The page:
Altinget offers a similar quiz for each municipality and a separate version for the regional candidates and issues.  

All of these quizzes are unfortunately only available in Danish, so keep Google Translate or your favourite Dane handy. 

The environment 

While schools, elderly care and other social services regularly top the list of issues voters prioritise, “this local election might be the breakthrough of the environmental question on the political agenda,” Kjær said. 

“They might discuss [environmental policy] in Glasgow, they might discuss it in the national parliament, but they definitely discuss it” — and make meaningful decisions — “in each of the 98 municipal councils,” he added. 

Member comments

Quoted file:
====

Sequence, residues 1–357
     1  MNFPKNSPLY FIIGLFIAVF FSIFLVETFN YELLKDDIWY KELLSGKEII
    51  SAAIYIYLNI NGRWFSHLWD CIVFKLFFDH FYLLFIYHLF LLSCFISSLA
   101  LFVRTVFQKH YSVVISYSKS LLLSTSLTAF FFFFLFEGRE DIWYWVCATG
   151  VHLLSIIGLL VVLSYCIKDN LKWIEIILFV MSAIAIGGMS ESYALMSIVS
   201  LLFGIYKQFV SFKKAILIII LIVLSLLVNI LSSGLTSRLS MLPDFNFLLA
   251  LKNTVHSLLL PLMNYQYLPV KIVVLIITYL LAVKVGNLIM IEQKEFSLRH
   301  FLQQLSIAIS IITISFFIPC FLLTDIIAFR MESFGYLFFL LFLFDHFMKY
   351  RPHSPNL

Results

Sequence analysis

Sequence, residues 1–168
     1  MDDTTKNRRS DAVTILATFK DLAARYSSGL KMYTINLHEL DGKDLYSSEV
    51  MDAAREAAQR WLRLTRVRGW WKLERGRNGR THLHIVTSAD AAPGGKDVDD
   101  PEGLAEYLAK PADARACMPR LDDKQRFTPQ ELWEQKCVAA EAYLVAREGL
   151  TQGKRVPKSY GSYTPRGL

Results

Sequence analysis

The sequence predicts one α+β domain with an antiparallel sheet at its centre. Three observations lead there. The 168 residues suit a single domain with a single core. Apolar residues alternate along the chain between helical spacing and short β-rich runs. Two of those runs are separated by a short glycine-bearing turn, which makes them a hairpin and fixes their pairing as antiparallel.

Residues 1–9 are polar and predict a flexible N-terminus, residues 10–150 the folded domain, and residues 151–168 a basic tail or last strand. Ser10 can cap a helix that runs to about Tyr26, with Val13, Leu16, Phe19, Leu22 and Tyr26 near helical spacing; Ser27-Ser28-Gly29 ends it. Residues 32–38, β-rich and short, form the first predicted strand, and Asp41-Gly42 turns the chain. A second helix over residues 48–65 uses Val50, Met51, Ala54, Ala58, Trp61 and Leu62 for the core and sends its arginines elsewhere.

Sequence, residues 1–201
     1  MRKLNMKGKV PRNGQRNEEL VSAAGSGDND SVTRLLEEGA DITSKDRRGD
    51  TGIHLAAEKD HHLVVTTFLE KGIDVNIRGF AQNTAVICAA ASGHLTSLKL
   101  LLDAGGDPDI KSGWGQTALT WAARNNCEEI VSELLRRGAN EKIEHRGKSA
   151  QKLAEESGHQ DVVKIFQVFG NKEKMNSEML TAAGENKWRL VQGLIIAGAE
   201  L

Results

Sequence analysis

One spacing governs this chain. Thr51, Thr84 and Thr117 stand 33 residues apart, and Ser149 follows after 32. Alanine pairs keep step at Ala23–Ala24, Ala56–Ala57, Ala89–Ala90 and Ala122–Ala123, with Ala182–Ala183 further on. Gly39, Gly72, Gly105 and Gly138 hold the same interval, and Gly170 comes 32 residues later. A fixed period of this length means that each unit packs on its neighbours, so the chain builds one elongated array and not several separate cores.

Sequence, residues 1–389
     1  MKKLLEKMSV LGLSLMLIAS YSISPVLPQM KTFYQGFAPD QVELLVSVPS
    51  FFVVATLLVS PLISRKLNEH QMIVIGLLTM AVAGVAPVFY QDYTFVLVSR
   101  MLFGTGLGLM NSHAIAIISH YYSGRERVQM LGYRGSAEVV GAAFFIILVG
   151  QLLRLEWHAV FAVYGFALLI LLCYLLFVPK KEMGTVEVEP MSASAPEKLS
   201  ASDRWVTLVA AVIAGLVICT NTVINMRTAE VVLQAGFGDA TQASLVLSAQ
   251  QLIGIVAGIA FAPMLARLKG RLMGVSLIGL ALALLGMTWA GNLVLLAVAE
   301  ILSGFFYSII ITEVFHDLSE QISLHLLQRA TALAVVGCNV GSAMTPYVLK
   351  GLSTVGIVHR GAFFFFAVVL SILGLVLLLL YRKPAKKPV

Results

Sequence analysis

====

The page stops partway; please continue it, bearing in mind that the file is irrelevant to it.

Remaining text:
1. Thank you for the article. I think people with foreign background have a hard time to connect to local politics, because first of all, everything is in Danish, and there are many issues a foreigner will not necessarily understand, I know many who have no clue in what condition the elderly care or school system is because they didn’t grow up in Denmark and could never relate, that is why those political candidate tests are useless and misleading. Second of all, most Danish politicians never approach people of foreign backgrounds and never communicate to them their goals, thus the strong disconnection we have today. I can completely understand that people don’t vote, it is no good to vote for just a candidate that you get from the candidate test, but rather vote for those who you feel considers your wishes. I have been involved in political activism in Denmark and for the 10 years of residence, I only witnessed one small local election debate that was in English and where residents of foreign background could get their moment of questions and answers. If we are not invited to participate by politicians and political parties, then why bother… I would encourage people to vote blank instead, if they feel it is important to vote but they don’t know for whom.